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Philadelphia Independents often gets tagged on social media by tourists who think they’ve found the account of the historic Independence Hall.
It’s a small gift shop on North 3rd Street, not the birthplace of the United States, but co-owner Ashley Peel doesn’t mind. After all, the name is very similar.
“It’s ‘Independents’ because we represent independent makers,” Peel said, noting the different spelling. “But it’s nice to see their photos.”
The Old City boutique attracts both visitors and locals with its Philly-themed, Philly-made wares, which are crafted by about 60 different vendors based in the five-county region. At Philadelphia Independents, you can find everything from Benjamin Franklin pillows to Gritty greeting cards. The imagery and insider jokes featured on store merchandise reference both the city’s distant history and its recent past.
“We have the ability to react to things that are happening in the city,” said co-owner Tiffica Benza. “Artists produce those sort of one-off, culturally relevant items.”
As the events happened, there have been pieces highlighting both the pope’s visit in 2015 and the Democratic National Convention in 2016. More recently, mugs and T-shirts featuring the phrase, “Bad things happen in Philadelphia,” have been popular, commemorating the phrase uttered by former President Donald Trump during a 2020 presidential debate.
The store also features classic Philly imagery, too.
There are LOVE statue keychains and Philadelphia Museum of Art tea towels. Depictions of soft pretzels and Rocky cover the shop. There are also wares sans the Philly-theme — offered because they’re made in the city by local creators.
“Sometimes people may think, ‘Oh, we’re a tourist souvenir shop,'” said the third co-owner, Jennifer Provost. “But we’re hitting everybody. We have people in the neighborhood, regulars coming in.”
The idea for the boutique grew out of Peel’s experience selling her own jewelry line, INDICAN, at craft shows throughout the city and seeing the talent of makers and artists.
“I was thinking there needs to be a place where you can find these people all the time, not just once in a while when you happen to find a craft show,” she said.
Peel, Benza and Provost were already friends back in 2014, and looking to explore new business ventures. They decided to go all in on the gift shop, which opened that May.
Each brought a different background to the pursuit. Peel had experience in fine arts, and Benza in the marketing world. Provost had worked in corporate fashion and had experience working at another gift shop, too.
“So we come up with the idea and the only vendor we have is Ashley,” Benza said, describing a constant process of seeking out other artisans to feature.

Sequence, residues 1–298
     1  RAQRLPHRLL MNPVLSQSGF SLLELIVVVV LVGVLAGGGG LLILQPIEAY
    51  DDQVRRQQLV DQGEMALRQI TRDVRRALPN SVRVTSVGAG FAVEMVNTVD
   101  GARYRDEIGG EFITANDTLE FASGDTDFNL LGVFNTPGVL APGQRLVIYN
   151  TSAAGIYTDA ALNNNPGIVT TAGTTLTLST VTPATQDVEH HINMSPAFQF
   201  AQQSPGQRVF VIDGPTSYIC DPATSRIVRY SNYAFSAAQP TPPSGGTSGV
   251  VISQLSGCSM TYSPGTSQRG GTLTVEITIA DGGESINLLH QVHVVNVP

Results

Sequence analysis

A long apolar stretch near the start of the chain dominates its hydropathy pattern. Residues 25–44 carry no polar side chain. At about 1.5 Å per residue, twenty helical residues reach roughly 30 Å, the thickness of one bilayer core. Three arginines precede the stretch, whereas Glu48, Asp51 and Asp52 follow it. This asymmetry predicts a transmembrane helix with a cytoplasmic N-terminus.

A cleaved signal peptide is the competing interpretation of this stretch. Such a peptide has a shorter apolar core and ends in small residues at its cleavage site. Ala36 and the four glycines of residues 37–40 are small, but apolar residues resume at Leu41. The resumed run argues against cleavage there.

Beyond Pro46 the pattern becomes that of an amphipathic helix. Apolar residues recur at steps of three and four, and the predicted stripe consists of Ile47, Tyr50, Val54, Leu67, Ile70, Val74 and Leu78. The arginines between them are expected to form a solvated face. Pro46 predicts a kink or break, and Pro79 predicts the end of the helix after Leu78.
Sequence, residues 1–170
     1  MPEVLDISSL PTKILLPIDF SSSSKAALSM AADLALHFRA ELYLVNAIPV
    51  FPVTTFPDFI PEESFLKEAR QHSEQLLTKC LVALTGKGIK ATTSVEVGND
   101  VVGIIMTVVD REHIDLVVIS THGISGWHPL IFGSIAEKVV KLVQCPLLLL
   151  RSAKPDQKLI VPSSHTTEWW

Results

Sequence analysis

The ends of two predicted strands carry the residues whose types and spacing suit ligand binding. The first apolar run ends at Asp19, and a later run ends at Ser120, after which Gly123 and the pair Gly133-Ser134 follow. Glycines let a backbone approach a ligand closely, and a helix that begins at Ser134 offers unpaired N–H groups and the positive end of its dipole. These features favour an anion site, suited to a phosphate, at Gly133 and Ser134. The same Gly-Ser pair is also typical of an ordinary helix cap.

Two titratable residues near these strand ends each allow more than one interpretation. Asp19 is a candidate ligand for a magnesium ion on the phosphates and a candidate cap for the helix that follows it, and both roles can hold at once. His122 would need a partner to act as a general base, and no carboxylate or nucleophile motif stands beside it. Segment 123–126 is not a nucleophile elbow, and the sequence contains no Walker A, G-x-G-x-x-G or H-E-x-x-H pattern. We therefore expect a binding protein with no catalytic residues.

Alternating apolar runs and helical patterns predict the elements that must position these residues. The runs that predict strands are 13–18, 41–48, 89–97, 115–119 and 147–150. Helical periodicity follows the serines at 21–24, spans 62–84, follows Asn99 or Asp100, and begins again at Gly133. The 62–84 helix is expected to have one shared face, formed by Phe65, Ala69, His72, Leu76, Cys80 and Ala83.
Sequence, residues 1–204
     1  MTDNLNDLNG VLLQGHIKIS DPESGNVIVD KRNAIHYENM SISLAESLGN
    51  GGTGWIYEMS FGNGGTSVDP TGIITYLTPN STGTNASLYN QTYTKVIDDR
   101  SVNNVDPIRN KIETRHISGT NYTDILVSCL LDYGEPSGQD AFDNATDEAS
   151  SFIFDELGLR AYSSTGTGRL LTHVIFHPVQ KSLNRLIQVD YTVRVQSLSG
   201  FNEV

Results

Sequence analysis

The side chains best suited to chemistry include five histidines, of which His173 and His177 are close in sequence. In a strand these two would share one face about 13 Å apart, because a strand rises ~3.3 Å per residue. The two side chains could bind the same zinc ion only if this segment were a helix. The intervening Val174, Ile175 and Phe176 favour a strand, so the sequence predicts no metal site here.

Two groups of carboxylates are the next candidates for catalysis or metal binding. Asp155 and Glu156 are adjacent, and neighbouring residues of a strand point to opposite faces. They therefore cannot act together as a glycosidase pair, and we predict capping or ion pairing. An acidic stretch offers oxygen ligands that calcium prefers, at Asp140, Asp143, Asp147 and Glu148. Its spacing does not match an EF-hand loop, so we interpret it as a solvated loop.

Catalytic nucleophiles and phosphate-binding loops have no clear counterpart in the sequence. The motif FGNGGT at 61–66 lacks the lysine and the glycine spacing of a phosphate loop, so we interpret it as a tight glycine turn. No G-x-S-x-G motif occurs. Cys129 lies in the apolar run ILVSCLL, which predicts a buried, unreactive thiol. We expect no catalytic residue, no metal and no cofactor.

It involves going to craft fairs, combing through Etsy, paying attention to social media and relying on word of mouth.
Peel, Benza and Provost celebrated making it through their first year by getting matching tattoos featuring the boutique’s logo — a minimalist rendition of the Liberty Bell, featuring the famous crack as a lightning bolt to acknowledge Benjamin Franklin’s experiments with electricity.
“It was a fun little bonding thing and like, ‘Wow, we did this,'” Benza said. “You never know what’s going to happen, and now we’re here almost 7 to 8 years later.”
The shop has grown into its own and is now successful enough to keep a back stock of items. “There’s more things on the walls than there were before,” Provost said. “We’re finding every nook and cranny we can to put merchandise.”
Peel added that the co-owners’ initial expectations of who their customer base would be when the shop opened in 2014 were not entirely accurate.
“We thought that tourists would want to buy more Philly-themed goods and locals would want to buy more Philly-made goods,” she said. “We were so wrong. So many locals want to celebrate Philadelphia.”
Artist Ana Thorne found this to be true, so she leans into city themes in her illustrations, which are printed on fabric and sold as pillows, pouches, towels and masks at the gift shop.
“It’s basically all inspired by all the different famous things in Philly,” Thorne said of her work, which includes depictions of the Liberty Bell and City Hall, among other images. “It’s awesome when you get to see how people react to your illustrations and the way you represent things.”
Artist Stephanie Harvey of exit343design sells her screen printing work at Philadelphia Independents, much of which is Gritty-inspired.
“I remember the week he was released,” Harvey said. “I was just instantly smitten with how insane he was, and a lot of other people like him as well.”
Harvey said selling her wares with Philadelphia Independents has taught her a lot about operating her own business, wholesale vending and Philly pride.
“People who love Philly, frickin’ love Philly,” Harvey said. “And I do too.”